President-elect Donald Trump's Energy Department transition team sent the agency a memo this week asking for the names of people who have worked on climate change and the professional society memberships of lab workers, alarming employees and advisors.
The memo sent to the Energy Department on Tuesday and seen by Reuters on Friday, contains 74 questions including a request for a list of all department employees and contractors who attended the annual global climate talks hosted by the United Nations within the last five years.
It asked for a list of all department employees or contractors who have attended any meetings on the social cost of carbon, a measurement that federal agencies use to weigh the costs and benefits of new energy and environment regulations. It also asked for all publications written by employees at the department's 17 national laboratories for the past three years.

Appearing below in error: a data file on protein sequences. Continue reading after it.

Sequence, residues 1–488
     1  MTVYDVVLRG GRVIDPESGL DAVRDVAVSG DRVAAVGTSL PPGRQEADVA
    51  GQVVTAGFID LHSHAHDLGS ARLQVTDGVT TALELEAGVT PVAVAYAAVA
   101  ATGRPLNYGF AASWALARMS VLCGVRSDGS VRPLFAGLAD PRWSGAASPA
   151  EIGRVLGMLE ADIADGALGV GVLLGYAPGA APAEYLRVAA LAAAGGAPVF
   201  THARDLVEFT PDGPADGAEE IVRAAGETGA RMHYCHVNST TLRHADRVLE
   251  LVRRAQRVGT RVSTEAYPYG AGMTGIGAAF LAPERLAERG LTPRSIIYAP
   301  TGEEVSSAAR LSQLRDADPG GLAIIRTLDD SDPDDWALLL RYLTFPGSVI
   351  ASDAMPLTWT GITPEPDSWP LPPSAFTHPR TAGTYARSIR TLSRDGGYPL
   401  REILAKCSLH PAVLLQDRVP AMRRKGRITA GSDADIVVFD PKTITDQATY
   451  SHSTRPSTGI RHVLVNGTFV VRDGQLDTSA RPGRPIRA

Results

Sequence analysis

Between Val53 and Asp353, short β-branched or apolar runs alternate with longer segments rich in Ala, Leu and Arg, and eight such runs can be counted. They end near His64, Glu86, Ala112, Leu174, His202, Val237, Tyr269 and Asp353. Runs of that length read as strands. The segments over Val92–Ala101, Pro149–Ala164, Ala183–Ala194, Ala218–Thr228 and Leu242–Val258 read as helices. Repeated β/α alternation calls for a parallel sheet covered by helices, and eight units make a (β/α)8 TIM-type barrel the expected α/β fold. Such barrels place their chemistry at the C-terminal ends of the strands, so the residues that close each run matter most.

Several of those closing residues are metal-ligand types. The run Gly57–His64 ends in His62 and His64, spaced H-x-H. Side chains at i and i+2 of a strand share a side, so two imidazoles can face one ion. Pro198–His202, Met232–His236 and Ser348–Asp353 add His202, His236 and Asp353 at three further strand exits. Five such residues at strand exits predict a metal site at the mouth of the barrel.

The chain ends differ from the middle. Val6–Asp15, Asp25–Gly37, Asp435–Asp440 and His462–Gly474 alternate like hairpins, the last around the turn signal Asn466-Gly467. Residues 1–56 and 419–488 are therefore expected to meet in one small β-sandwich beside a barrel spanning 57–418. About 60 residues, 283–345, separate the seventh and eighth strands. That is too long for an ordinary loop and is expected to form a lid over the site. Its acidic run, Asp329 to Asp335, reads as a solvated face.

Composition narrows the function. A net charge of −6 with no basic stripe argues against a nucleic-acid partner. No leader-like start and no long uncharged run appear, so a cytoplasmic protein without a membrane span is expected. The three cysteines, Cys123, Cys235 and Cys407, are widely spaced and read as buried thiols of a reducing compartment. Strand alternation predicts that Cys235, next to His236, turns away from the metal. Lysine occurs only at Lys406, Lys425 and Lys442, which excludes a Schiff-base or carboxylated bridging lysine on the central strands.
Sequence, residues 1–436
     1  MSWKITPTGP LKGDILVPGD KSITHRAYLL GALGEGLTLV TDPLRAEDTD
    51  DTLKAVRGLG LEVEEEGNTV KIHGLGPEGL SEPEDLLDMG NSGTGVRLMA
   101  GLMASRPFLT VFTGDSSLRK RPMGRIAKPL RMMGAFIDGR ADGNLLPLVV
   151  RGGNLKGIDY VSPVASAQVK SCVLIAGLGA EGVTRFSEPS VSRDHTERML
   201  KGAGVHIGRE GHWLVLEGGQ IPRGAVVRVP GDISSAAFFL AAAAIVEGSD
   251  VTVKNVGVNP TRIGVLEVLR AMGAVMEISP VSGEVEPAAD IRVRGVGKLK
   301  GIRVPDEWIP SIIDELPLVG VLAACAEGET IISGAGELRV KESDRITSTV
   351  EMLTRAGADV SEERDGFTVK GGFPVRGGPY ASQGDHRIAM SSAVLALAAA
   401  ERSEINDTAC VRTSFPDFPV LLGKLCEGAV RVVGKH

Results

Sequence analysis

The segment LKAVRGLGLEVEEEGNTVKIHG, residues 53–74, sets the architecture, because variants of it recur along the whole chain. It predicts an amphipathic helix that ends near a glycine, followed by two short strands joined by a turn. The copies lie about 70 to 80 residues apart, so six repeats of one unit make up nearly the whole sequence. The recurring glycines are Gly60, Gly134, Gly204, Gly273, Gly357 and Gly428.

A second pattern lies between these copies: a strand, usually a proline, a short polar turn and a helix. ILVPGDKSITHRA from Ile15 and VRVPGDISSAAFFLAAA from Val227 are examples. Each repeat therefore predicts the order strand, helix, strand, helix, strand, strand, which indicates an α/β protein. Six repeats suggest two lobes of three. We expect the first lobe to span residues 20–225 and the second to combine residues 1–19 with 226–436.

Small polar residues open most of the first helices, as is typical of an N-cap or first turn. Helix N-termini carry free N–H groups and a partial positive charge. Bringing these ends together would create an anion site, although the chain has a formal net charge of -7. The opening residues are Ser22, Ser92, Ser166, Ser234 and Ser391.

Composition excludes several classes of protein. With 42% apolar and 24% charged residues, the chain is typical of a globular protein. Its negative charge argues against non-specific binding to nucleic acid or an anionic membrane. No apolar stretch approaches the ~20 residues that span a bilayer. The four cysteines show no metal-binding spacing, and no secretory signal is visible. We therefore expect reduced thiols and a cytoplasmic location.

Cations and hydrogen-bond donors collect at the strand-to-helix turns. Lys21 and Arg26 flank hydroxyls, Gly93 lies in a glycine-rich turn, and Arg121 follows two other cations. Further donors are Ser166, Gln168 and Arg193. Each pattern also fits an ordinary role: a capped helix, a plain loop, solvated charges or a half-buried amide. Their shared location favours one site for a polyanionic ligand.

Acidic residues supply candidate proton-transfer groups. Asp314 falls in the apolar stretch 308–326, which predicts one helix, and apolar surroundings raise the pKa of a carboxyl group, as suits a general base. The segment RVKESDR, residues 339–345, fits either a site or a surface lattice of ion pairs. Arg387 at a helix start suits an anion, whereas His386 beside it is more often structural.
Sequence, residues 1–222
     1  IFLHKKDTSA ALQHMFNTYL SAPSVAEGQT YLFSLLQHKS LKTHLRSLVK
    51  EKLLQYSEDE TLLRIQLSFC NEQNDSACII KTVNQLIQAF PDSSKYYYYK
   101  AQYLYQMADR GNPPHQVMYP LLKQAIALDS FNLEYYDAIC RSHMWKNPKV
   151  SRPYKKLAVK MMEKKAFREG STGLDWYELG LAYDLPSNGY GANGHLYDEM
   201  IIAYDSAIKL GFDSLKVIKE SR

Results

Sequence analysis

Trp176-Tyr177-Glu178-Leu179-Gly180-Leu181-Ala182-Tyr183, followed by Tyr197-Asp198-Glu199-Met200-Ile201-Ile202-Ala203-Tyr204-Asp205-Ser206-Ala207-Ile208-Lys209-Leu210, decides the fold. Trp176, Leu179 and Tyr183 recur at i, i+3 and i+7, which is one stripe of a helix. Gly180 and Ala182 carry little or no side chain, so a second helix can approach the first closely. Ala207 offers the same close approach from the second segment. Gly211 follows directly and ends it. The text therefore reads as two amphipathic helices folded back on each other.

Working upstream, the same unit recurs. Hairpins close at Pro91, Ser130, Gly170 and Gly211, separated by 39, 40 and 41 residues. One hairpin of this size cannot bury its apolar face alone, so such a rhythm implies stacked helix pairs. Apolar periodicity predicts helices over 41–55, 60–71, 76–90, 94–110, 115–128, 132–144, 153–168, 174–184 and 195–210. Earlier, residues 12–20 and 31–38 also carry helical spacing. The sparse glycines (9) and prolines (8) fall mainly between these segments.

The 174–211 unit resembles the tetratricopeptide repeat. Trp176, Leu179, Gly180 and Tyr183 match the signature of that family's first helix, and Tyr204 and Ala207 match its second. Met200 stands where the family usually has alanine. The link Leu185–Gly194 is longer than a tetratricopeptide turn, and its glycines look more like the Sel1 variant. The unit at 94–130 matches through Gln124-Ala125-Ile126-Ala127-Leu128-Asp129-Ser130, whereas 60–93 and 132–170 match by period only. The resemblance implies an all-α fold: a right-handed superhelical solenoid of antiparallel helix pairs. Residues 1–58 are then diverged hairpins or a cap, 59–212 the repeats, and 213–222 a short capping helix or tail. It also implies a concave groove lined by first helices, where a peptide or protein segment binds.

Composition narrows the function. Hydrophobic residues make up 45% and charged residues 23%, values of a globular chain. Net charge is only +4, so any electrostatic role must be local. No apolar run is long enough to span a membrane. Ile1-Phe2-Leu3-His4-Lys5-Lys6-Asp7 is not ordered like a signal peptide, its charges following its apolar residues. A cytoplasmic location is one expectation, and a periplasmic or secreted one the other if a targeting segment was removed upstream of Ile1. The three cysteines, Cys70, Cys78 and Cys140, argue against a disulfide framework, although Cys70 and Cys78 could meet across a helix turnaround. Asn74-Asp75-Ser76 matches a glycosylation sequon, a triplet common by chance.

"This feels like the first draft of an eventual political enemies list," said a Department of Energy employee, who asked not to be identified because he feared a reprisal by the Trump transition team.
"When Donald Trump said he wanted to drain the swamp it apparently was just to make room for witch hunts and it's starting here at the DOE and our 17 national labs," the employee said.
Trump transition team officials declined to comment on the memo, which was first reported by Bloomberg.
Republican Trump, a New York businessman and former reality TV star who has never previously held public office, said during his election campaign that climate change was a hoax perpetrated by China to damage U.S. manufacturing. He said he would rip up last year's landmark global climate deal struck in Paris that was signed by Democratic President Barack Obama.
Since winning the Nov. 8 election, however, Trump has confused observers by saying he will keep an "open mind" about the Paris deal. He also met with former Vice President Al Gore, a strong advocate for action on climate change.
Contenders to head the Energy Department under Trump include Kevin Cramer, a Republican U.S. representative from oil producing North Dakota, Senator Heidi Heitkamp, a Democrat from the same state, and Joe Manchin, a Democrat from coal-producing West Virginia.